The other day browsing through social media I came across a dog group (happens quite often in my feed, as I am sure you can imagine ;)). In the group they were talking about separation anxiety and one person was asking if getting another dog would help her current dog with it’s separation anxiety and to my surprise many of the comments was a profound yes !
So today I want to address this issue that many dog owners struggle with, including myself with Belga. I have 2 rescues from Portugal, both very different. Chester is more independent and doesn’t really mind people leaving from a group or that I am leaving – if he could he would quite enjoy taking his own walk I think. Belga, on the other hand, is the complete opposite. She will do everything in her power to keep a group together, herding them to stay close if she has to (also breed related). If we are in different rooms in our home she will place herself in the room in between, doing regular check ups on all of us to see if we are still there. Belga, if she could, would like to follow me wherever I go, and is not fond of me leaving at all.
But what is separation anxiety really?
Separation anxiety is when your dog cannot be left alone, and if left becomes highly anxious and stressed out. Behaviors possibly leading to destruction of some form or self inflicted damage. Your dog might urinate or worse in the house, he/she might start chewing on furniture, doors or walls or start howling or barking out of desperation of being alone.
If your dog on the other hand is more dependent on a person and acts like described above when that specific person leaves we are more likely talking about attachment issues, related to separation anxiety, but not the same as it has nothing to do with your dog not liking to be left alone in your home but more about that he/she wants to be with that specific person constantly.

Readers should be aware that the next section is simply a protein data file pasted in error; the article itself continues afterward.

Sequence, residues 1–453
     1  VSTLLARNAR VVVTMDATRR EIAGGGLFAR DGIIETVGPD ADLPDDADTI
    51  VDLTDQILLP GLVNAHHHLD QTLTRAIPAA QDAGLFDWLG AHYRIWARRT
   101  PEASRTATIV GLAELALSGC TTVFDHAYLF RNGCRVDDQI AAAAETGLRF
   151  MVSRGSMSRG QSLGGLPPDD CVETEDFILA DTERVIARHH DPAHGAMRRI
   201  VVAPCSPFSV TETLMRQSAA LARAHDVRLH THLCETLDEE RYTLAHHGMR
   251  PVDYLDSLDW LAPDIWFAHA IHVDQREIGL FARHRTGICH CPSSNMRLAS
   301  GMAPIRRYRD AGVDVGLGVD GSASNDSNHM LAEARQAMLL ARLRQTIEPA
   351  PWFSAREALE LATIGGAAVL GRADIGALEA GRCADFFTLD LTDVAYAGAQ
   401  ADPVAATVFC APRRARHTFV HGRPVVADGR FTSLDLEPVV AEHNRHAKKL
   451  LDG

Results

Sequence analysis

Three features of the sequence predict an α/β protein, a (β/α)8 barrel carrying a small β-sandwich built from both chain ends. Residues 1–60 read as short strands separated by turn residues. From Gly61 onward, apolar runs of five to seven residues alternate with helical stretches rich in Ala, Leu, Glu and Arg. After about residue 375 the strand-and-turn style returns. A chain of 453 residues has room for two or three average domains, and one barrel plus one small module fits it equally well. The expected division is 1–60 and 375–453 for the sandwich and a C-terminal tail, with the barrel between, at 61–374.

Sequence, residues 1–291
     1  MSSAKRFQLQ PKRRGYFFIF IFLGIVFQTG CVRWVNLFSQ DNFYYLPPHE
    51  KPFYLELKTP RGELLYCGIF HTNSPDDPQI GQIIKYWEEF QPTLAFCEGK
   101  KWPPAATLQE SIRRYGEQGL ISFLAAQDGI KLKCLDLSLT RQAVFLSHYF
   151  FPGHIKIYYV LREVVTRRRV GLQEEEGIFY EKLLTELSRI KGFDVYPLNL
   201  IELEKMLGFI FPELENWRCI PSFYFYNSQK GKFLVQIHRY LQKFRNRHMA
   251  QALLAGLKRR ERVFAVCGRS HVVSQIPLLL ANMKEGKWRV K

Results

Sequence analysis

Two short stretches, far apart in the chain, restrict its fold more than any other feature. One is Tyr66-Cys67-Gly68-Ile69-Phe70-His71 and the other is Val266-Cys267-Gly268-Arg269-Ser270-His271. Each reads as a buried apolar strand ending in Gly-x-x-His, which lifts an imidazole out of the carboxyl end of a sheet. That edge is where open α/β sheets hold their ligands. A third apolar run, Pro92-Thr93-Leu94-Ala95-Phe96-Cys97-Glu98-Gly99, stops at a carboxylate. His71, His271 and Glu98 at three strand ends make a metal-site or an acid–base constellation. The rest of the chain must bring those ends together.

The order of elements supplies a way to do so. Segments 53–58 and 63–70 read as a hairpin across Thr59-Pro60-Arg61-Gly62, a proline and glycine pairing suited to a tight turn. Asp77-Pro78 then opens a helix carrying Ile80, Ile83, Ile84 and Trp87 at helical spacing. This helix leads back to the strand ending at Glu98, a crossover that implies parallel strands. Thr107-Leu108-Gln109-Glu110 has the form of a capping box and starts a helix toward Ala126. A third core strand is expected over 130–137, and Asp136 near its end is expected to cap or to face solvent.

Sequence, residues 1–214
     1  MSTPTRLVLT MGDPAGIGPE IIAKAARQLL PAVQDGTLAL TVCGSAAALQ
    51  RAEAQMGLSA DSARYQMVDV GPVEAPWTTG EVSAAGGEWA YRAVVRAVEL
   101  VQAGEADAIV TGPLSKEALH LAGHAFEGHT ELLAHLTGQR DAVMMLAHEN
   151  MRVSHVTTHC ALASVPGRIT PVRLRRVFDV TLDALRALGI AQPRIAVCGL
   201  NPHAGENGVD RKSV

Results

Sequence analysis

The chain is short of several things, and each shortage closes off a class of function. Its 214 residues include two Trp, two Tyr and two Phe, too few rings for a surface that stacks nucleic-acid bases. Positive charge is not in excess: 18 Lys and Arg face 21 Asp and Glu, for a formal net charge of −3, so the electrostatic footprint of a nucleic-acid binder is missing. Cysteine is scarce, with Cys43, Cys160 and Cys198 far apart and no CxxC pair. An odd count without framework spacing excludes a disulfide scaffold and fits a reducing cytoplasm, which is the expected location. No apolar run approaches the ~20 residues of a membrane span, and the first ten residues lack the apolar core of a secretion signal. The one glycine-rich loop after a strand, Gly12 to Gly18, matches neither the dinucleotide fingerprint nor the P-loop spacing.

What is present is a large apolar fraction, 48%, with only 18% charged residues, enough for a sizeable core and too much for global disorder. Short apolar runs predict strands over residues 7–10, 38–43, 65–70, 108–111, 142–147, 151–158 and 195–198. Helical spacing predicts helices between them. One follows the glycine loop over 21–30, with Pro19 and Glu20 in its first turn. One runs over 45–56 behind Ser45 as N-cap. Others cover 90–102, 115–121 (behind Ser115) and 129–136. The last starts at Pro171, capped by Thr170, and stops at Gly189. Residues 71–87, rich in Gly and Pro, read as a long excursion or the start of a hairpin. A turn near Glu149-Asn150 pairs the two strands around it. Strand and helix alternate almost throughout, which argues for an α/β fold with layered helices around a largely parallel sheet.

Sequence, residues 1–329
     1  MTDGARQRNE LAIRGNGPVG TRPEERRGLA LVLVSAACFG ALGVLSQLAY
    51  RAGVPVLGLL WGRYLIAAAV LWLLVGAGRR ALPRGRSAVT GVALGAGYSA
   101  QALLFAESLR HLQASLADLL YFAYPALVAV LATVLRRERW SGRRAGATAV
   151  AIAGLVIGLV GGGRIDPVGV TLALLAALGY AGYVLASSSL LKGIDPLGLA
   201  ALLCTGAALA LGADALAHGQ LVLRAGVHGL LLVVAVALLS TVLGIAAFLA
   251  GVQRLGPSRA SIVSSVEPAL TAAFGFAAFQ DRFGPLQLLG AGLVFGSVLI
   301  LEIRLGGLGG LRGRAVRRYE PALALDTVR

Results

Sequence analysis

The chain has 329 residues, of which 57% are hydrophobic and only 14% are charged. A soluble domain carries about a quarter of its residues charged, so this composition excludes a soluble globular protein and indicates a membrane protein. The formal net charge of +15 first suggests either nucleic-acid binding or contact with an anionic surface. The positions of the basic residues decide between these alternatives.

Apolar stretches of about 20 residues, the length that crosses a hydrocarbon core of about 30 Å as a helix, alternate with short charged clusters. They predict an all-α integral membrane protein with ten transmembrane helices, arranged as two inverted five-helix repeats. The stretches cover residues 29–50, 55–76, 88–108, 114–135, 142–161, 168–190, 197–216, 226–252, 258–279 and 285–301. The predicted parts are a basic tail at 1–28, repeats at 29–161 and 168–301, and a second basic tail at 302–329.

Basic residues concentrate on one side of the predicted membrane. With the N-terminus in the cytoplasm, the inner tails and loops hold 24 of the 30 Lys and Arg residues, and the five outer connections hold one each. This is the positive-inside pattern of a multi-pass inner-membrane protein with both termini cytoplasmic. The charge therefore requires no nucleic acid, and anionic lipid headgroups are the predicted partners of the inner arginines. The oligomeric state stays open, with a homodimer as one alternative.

Getting another dog in the household is therefore not always the best solution. Sometimes it helps if we are talking about your dog not liking to be left alone, but if the anxiety is due to an attachment to a specific person or a fear, then a second dog will have no effect on your current dogs state. Dogs, as you might have understood in the intro about my dogs, are first and foremost individuals. They have their own personality, their own needs and their own way of experiencing the world. Just like we humans do. And getting another dog on the sole basis to get rid of your other dog’s anxiety is not a valid reason for getting a new dog. Let me tell ya….a multi dog household is a lot of work! With 2 dogs you have 2 personalities whose needs you have to fulfill, no hands are free when walking and 2 minds need be tired out in order for them not to become the super destructive duo that will turn your house into ruin. Your old dog might also affect your new dog, causing them both to become anxious and stressed.
So, how to work with a dog with separation anxiety?
If your dog has separation anxiety my first advice would be to contact an ethologist or specialized and qualified dog trainer in your area (remember I am also available for Skype consultations) to help you make a plan for how to work with this. This step cannot be emphasized enough as you might do more harm than good if you decide to tackle this problem on your own.